Heather Lensgraf: Taking a Stance on the Physical and Mental Benefits of Yoga
by Sheila Julson
“I think that a lot of people in the U.S. believe yoga is more for physical fitness,” says Heather Lensgraf, registered yoga teacher at Cardinal Yoga, “but it’s so much more than that. Increasing studies show the benefits of yoga for various psychiatric disorders as well. Yoga is quickly entering the realm of integrative medicine, rather than alternative medicine, so that’s exciting.”
Lensgraf would know, as she is not only a yoga teacher but also a licensed psychiatrist who has been in practice since 1985 (under her maiden name, Heather Geis). She has taught yoga in several psychiatric settings and developed specific yogic programs for these settings. She has also observed firsthand how yoga helped with equanimity in adolescents and adults. She has given several presentations on yoga’s positive effects on mental health, including Live Long and Prosper—Evolved Ancient Practices for Modern Healers, in 2014 at the Zarrow symposium, a state-wide mental health symposium; Yoga at All Levels of the Mental Health Continuum of Care, at the International Association of Yoga Therapists conference in Austin, Texas, in 2014; and for the Central Oklahoma Psychiatric Society—Yoga and Psychiatry, in 2012.
Yoga wasn’t always a part of Lensgraf’s life. In 2000, she was diagnosed with colon cancer. After she completed chemotherapy treatments, she researched ways to stay healthy and noticed how frequently yoga was recommended. She tried it and enjoyed the practice so much that she became certified as a teacher in 2007 through Karen Prior at Samatva Yoga, in Oklahoma City.
Lensgraf found it a natural fit to join yoga with her professional practice, as she noticed how yoga’s principles of mindfulness could benefit her psychiatric patients. “Many current treatment regimens, such as dialectical behavioral therapy and mindfulness-based cognitive behavioral therapy, incorporate mindfulness skills, so I often teach those to my patients, in addition to breathing techniques and relaxation practices,” she explains. She cites yoga as beneficial for focus and restful sleep—two elements that can greatly affect one’s state of mind.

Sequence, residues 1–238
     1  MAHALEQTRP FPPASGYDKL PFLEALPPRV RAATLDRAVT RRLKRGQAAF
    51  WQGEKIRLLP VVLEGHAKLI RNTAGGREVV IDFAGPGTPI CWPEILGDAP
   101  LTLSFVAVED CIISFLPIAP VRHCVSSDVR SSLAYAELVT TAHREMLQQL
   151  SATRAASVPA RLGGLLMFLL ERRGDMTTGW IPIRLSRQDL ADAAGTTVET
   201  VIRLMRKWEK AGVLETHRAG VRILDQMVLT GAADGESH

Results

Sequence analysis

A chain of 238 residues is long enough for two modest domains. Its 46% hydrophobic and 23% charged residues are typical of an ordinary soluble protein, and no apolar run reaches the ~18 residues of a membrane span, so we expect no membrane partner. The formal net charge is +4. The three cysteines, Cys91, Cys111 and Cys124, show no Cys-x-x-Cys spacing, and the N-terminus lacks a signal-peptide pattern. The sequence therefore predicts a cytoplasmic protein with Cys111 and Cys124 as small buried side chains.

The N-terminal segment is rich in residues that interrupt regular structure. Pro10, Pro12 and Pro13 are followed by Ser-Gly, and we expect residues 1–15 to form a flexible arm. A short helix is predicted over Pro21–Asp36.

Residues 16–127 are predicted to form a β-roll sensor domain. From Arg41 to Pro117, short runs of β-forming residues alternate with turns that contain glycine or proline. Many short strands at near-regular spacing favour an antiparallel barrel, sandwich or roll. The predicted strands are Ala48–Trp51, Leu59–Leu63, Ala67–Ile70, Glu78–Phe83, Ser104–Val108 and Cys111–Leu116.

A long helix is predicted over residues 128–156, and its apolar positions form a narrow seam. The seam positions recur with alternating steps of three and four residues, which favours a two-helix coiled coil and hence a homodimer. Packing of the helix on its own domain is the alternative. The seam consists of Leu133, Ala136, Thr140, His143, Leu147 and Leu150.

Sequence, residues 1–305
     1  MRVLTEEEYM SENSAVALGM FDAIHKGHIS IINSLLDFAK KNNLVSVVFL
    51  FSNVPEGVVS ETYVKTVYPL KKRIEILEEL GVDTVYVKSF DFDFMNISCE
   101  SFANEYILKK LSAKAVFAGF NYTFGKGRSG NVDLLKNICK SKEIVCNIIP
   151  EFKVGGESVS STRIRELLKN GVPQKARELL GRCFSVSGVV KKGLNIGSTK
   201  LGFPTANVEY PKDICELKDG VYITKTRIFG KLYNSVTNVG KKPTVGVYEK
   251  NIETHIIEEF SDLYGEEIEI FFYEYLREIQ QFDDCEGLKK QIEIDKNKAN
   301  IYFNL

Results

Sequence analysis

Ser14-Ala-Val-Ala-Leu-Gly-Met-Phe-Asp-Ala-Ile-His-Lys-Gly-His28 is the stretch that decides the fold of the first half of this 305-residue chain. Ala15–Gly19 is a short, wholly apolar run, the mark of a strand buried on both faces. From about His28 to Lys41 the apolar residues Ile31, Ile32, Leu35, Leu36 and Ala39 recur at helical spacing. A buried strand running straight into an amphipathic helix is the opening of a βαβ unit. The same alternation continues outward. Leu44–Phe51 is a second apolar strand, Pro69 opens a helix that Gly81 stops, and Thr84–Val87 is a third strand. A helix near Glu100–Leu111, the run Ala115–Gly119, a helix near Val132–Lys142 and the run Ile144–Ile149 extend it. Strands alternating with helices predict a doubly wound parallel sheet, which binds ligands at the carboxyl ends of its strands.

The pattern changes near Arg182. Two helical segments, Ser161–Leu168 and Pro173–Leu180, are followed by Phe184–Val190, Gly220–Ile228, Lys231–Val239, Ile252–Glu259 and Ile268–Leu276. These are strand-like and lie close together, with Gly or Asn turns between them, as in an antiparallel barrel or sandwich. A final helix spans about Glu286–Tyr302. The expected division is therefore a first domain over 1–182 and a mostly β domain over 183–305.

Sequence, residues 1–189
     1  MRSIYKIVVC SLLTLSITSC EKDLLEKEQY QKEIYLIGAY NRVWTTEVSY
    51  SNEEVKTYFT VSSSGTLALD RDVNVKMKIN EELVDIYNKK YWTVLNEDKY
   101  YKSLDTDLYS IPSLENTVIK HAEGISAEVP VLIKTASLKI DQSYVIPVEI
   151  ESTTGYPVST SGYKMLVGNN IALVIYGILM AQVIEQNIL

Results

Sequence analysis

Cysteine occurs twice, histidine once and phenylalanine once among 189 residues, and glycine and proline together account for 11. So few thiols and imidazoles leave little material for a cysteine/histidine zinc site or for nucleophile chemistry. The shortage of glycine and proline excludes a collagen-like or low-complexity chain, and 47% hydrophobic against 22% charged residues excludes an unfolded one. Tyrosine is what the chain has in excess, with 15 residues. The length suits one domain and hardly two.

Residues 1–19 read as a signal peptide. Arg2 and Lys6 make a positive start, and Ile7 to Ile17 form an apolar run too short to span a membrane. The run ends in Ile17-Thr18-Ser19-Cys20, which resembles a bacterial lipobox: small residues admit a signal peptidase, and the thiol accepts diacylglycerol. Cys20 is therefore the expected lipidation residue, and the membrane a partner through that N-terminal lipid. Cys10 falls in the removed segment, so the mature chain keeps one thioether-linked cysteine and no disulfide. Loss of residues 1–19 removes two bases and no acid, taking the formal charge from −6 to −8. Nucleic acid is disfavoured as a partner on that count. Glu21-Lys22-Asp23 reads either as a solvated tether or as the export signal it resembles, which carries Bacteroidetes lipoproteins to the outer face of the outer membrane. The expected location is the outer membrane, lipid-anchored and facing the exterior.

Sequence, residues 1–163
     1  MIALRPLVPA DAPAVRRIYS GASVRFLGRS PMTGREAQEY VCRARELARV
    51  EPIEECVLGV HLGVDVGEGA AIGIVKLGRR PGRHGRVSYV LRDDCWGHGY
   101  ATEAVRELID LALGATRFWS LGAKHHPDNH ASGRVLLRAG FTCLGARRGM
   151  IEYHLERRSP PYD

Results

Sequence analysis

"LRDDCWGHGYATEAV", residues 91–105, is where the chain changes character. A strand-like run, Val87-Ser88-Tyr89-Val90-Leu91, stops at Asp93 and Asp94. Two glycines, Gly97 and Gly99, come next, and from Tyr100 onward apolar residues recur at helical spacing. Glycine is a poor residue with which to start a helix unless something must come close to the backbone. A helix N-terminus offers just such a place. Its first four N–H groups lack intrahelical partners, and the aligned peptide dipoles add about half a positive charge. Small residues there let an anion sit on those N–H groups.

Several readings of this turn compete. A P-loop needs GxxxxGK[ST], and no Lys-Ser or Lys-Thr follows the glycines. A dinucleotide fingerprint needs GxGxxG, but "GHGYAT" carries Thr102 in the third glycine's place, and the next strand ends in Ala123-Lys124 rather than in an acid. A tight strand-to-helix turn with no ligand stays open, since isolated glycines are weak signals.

According to the article “A Systematic Review of Randomized Controlled Trials on the Effects of Yoga on Stress Measures and Mood,” published in the September 2015 issue of Journal of Psychiatric Research, 25 randomized control studies suggest that practicing yoga leads to better regulation of the sympathetic nervous system and hypothalamic-pituitary-adrenal system, as well as a decrease in depressive and anxious symptoms in a range of populations. Research pertaining to yoga’s effects on mental wellness is ongoing.
While mindfulness has always been an essential aspect of yoga, Lensgraf also promotes the physical benefits—particularly for older people—through her free weekly gentle yoga class at Cardinal Yoga. “It’s my way of giving back to the community for those that want to try a yoga class but may be prohibited by cost,” she notes.
While some people may be deterred from even attempting yoga because they think they have to be in top physical shape to do the poses, Lensgraf emphasizes that yoga is for all ages and physical levels. “That’s why I like to bring yoga to a lot of different settings,” she states. “In the class I teach at Cardinal, there are several different aspects for older yogis and those new to yoga that may not be so athletic.”
Lensgraf also teaches mindfulness classes to psychiatric residents at the University of Oklahoma. She’s certified in silver age yoga (yoga designed for seniors) and is participating in an ongoing study with Becky Gelatt, a viniyoga teacher in Louisiana.
Cardinal Yoga is located at 2412 N. Olie Ave., Oklahoma City. For more information, call 405-226-1177 or visit CardinalYogaOK.com.
Sheila Julson is a Milwaukee-based freelance writer and contributor to Natural Awakenings magazines throughout the country.